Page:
Who can go past sun dried tomatoes? The drying process removes most of the water, creating an ingredient that’s packed with flavor and tastes amazing in many dishes. Sun dried tomatoes are even good for you, as they retain many of the nutrients and antioxidants found in fresh tomatoes.
The tomatoes have long been popular in Mediterranean cooking, particularly in Italy, but made their mark in the United States much more recently. They were a trending ingredient back in the 1980s and 1990s, then dropped out of popularity. They’re coming into their own again these days and are worth trying. Seriously, they taste incredible in the right recipe.
First though, you need to learn how to use sun dried tomatoes, as these tomatoes aren’t as moist as regular tomatoes and have a much more intense flavor. This means you can’t simply substitute regular tomatoes for sun dried ones. But, don’t worry, you’ll be able to use sun dried tomatoes in countless ways once you’re familiar with them.
How To Use Sun Dried Tomatoes (9 Ways)
The first approach is the simplest: just eat your sun dried tomatoes straight from their container. This works best if the tomatoes been stored in oil, as they’ll be plump and easy to eat.
Don’t throw the oil out. It has a fantastic flavor and works well in many situations, like as a salad dressing base.
If the sun dried tomatoes were in a container without liquid, you might need to soak them first. You can do so in warm water or even wine. They’ll be ready to eat after 30 minutes or so.
Sundried tomatoes are often simply used on top of dishes. Pizza is the most popular option here, although plenty of other dishes work with sun dried tomatoes too.
Sometimes you’ll be using the tomatoes as they are, while other times you might be slicing them into small strips first (julienning them). Slicing the tomatoes like this makes them easier to eat. Doing so also makes it easier to balance the flavors within your meal.
Sun dried tomatoes are just as delicious mixed into meals. Countless pasta recipes do this, but you’re not limited to pasta. Sun dried tomatoes also add vibrancy to many salads.
You might use sun dried tomatoes in egg dishes as well, including scrambled eggs, omelets, and quiches. This use is fantastic because eggs have a fairly mild flavor of their own. Even just a couple of sliced sun dried tomatoes is enough to make most such meals shine. Or, why not pair sun dried tomatoes with fresh mozzarella?
Sun dried tomato pesto can be made much like regular pesto, except that you’re blending in sun dried tomatoes as well. Some recipes drop out the basil from the traditional recipe and include both sun dried tomatoes and red peppers. Doing so creates an even tangier spread.
Both styles of pesto make sun dried tomatoes very easy to use. For example, you can then use the pesto as a dip for veggies, mix it in with your pasta, or use it as a sandwich spread.
An even simpler option is to cut sun dried tomatoes into small pieces and mix them into cream cheese. Doing so also gives you a delicious two-ingredient sandwich spread.
This is actually a great starting point for using sun dried tomatoes, as the cream cheese helps to balance some of the intensity of your tomatoes. You can also play with the ratio of cream cheese to sun dried tomatoes. This way you can find the right balance for your needs.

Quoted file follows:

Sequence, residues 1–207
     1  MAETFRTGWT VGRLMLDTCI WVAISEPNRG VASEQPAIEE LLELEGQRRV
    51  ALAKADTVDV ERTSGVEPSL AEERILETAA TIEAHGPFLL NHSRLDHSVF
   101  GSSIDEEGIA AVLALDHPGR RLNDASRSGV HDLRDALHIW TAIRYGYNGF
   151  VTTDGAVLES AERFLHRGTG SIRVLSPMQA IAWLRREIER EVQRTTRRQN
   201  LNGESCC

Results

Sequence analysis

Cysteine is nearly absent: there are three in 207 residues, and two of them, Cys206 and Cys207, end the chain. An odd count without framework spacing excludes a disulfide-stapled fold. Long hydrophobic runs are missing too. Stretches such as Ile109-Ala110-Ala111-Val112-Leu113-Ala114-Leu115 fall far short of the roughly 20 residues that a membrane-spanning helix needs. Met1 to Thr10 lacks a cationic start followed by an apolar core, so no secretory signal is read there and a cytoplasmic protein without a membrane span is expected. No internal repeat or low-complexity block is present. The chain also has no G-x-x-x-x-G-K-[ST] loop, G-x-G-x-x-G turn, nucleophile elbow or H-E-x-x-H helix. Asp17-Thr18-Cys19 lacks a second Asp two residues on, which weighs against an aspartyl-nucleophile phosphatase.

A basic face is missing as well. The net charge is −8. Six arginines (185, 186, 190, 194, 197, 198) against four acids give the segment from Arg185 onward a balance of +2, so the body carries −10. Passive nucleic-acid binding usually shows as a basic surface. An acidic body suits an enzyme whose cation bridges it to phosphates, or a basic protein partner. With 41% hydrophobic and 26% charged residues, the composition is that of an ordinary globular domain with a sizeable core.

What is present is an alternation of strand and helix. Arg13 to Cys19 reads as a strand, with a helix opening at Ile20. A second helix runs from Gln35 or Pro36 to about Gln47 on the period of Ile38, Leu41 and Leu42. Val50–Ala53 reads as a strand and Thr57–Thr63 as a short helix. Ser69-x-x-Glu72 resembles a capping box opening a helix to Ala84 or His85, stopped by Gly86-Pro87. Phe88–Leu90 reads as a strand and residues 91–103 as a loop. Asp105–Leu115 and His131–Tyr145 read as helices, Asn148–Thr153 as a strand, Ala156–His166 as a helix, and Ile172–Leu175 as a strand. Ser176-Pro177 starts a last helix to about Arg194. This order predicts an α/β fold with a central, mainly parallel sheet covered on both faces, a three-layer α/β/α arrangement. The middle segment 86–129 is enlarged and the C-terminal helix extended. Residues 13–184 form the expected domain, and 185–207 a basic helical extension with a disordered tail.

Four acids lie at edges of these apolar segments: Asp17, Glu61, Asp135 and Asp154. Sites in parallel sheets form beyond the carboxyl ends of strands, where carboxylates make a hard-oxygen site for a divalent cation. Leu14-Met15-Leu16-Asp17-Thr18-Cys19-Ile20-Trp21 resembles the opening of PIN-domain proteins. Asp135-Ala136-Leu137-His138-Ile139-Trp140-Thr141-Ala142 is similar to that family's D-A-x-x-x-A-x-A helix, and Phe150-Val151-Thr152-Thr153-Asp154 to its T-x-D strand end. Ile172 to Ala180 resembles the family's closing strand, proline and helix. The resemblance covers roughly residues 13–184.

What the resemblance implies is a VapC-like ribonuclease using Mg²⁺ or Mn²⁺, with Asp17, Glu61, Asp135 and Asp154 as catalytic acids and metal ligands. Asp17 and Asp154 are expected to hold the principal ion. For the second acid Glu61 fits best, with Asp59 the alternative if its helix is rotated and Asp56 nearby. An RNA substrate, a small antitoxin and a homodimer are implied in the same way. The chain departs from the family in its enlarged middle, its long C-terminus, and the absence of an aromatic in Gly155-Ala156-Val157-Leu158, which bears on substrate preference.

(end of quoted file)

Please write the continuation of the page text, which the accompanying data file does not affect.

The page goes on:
You could also skip the effort and simply use sun dried tomatoes in your sandwiches directly. Some people do this with whole sun dried tomatoes, while others slice the sun dried tomatoes first.
Sun dried tomatoes are particularly good when your other sandwich ingredients have a mild flavor (like if chicken is your main source of protein). You can also use the tomatoes in related dishes, like burgers, cheese toasties, wraps, and even on bagels.
Fish has a mild flavor that’s sometimes a little too subtle. Laying a few sun dried tomatoes on top of your fish before baking it helps to improve the flavor profile, making it much more exciting.
Some people make more complex versions, such as this Oven-Baked Cod With Sun Dried Tomato & Herb Crust. The added herbs elevate the flavor profile further and naturally complement your sun dried tomatoes.
If you bake your own bread, why not mix chopped sun dried tomatoes into the dough? This gives you bread that looks amazing and has bursts of flavor from the tomatoes.
This approach works with most types of bread, so why not experiment? You could also add other exciting ingredients, like asiago cheese, black olives, olive oil, or fresh rosemary. Even a few extra ingredients could give you some truly exciting bread.
Sun dried tomato compound butter could be as simple as butter with chopped sun dried tomatoes. However, there are plenty of more complex options as well.
For example, one Sun Dried Tomato Compound Butter recipe relies on thyme, lemon juice, garlic, black pepper, sea salt, and sun dried tomatoes. This approach creates a complex flavor profile that would complement many different meals.
Honestly, even just spreading sun dried tomato compound butter on toast would taste stunning.
5 Delicious Recipes Using Sundried Tomatoes
This Creamy Sun Dried Tomato Pasta recipe is a classic way to use sun dried tomatoes. It should taste divine, as the dish relies on a rich and creamy sauce, with garlic, sun dried tomatoes, oregano, red pepper flakes, and basil for flavor.
While this is a vegetarian recipe, you could easily add some protein. Erin provides details for tweaking the recipe to suit chicken, shrimp, or sausage, giving you plenty of options.
Brussels sprouts can be amazing when prepared well and these Vegan Pesto Brussel Sprouts are one of the best versions I’ve seen. The most stunning part is the use of sun dried tomato pesto. This pesto provides a rich sun dried tomato flavor, making the whole meal much more engaging.
The recipe itself is surprisingly simple. There are only seven ingredients, including the sun dried tomatoes, pine nuts, and basil you need to make the pesto.